Defense

February 12, 2016
 

Red Flag 16-1 comes to an end

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Senior Airman Jake Carter
Nellis AFB, Nev.

An aircrew member belonging to 1 Squadron, RAAF Amberley, Australia, perform maintenance checks on an F/A-18 Super hornet during Red Flag 16-1 at Nellis Air Force Base, Nev., Feb. 2. Since its establishment in 1975, Red Flag has played host to military units from more than 30 different countries.

Red Flag 16-1, came to an end on Feb. 12 with aircrews and support personnel from around the world participating in the best training that simulates a deployed environment.

Red Flag, which was initiated in 1975, and is run by the 414th Combat Training Squadron’s where the mission is to maximize the combat readiness, capability and survivability of participating units by providing realistic training in a combined air, ground, space and electronic threat environment while providing for a free exchange of ideas between forces.

Included with U.S. forces in this exercise, the Royal air force from the United Kingdom as well as the Royal Australian air force partakes in the training to test their skills against some of the best in the world in air, space and cyberspace.

“Red Flag is one of the largest training exercises that we do as an Air Force.,” said Col. Derek France, Red Flag Air Expeditionary Wing commander. “It involves all services, coalition partners and it happens on the Nevada Test and Training Range where you get around 130 aircraft and squadrons from all over that come together for a three-week exercise where they train at the highest level of combat.”

During 2016, the 414th CTS plans on hosting four exercises where new participants will come to Nellis Air Force Base, Nev. to receive training that they can use in a deployed location.

“It’s a golden opportunity, a truly national treasure when you combine the range, the adversaries that we train on both air and ground, add the cyber effects that are in play and bring everything together,” France said.

A key part for Red Flag exercises is teamwork, where the exercise aims to have all units from around the world work together during a mission.

“We have been able to have U.S. members on Australian jets, Australian and British members on U.S. jets where we all work together,” said Capt. Benjamin Matchett, Offutt AFB 55th Operations Group tactical coordinator, who is participating in his second Red Flag exercise. “Really seeing how each coalition partner works independently and how we work together, its fairly unique.”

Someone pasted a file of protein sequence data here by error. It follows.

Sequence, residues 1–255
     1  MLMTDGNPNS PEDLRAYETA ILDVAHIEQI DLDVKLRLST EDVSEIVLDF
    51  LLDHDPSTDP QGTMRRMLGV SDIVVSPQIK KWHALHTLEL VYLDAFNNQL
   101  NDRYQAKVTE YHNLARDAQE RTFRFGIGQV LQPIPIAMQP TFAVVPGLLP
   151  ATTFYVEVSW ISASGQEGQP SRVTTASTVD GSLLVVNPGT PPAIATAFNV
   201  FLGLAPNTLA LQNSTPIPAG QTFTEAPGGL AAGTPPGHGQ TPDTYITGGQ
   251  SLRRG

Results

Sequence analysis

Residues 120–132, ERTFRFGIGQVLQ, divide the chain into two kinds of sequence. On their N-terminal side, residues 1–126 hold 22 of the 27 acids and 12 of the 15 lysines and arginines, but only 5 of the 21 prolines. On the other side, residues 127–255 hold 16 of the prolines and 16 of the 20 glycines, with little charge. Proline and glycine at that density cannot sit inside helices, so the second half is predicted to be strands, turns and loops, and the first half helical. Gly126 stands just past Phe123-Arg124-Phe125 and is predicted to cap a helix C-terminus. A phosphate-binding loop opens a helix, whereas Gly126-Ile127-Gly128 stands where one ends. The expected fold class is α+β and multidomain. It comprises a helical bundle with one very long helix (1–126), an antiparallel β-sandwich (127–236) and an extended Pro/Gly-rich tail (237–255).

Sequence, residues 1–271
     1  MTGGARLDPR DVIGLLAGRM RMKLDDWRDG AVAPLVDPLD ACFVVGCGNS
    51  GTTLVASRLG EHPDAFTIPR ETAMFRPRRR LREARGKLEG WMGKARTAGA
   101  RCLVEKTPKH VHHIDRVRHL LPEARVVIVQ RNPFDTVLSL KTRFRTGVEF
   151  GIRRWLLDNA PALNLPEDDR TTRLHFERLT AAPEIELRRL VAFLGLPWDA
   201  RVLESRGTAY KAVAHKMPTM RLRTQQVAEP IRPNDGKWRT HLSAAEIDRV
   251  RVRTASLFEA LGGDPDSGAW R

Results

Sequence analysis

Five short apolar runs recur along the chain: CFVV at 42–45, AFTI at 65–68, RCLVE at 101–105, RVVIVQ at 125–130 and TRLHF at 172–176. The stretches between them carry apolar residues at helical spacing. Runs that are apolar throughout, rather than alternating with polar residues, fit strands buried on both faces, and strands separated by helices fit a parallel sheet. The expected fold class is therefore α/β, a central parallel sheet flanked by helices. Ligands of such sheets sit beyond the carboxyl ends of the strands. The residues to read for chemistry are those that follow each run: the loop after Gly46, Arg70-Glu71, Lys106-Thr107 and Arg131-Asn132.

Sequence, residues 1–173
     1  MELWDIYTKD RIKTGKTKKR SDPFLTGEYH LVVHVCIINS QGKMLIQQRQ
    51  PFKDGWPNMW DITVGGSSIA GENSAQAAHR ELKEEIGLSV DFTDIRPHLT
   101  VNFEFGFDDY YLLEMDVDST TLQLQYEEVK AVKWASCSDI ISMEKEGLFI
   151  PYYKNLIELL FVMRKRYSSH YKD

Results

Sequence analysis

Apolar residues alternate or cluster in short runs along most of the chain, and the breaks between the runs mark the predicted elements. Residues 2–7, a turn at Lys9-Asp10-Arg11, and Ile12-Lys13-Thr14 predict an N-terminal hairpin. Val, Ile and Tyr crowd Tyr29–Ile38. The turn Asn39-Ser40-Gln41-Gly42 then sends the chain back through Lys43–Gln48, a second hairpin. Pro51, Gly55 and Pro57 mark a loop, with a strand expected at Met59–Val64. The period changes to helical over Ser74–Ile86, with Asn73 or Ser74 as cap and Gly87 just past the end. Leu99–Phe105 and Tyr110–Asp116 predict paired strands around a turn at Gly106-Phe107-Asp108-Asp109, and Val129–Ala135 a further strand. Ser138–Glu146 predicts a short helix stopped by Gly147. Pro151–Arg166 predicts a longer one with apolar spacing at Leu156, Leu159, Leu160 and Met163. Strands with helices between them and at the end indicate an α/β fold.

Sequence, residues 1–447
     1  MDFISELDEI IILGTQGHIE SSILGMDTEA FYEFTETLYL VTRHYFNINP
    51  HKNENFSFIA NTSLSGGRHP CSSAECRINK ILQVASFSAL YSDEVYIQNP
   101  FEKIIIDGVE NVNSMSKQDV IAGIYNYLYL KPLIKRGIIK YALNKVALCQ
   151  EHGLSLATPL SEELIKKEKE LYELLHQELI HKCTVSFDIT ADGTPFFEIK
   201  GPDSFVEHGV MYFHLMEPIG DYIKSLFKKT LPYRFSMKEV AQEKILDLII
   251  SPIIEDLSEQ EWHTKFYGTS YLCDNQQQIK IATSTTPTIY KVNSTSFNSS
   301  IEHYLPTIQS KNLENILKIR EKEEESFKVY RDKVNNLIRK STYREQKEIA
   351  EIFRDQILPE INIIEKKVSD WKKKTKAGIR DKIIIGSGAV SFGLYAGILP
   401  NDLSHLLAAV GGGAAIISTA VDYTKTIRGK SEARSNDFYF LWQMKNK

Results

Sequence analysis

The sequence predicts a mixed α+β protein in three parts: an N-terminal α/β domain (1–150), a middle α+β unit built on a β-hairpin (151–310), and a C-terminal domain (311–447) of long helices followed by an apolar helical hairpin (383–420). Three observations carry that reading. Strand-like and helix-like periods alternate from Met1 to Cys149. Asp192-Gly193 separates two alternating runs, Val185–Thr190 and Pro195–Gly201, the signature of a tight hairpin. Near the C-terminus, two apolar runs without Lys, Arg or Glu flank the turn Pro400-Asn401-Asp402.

Staff Sgt. Joe Kerse, Offutt AFB 97th Intelligence Squadron special signals operator who is participating in his first Red Flag exercise, understands how teamwork plays a role.

“It’s been very eye opening dealing with different assets in a way I haven’t had a chance to before,” said Kerse. “Before, we might have worked with the British or the Australians, it’s never been this close or we have never had the ability to fly on the same jets or work in the same area and be able to share that knowledge amongst another.”

With coalition partners working together during the exercise, France wants crews prepared by the time the head down range.

“One of the goals for this exercise is that that first combat experience seems pretty tamed compared to Red Flag,” France said. “If we are doing that right, then Red Flag is hitting the mark.”

The integration of coalition partners from around the world is an important factor in a Red Flag exercise, as it offers a realistic battlespace in which U.S. and allied warfighters work together towards a set of common objectives.

“You get units that come in and do their jobs very well,” France said. “But now, they do their jobs and realize how they integrate and the synergies that are involved and how they can fly, fight and win across all of the domains. It’s pretty awesome fun to see.”
Red Flag 16-2, which is slated to begin Feb. 29, is a two week exercise that aims to continue training crews in air, space and cyberspace.




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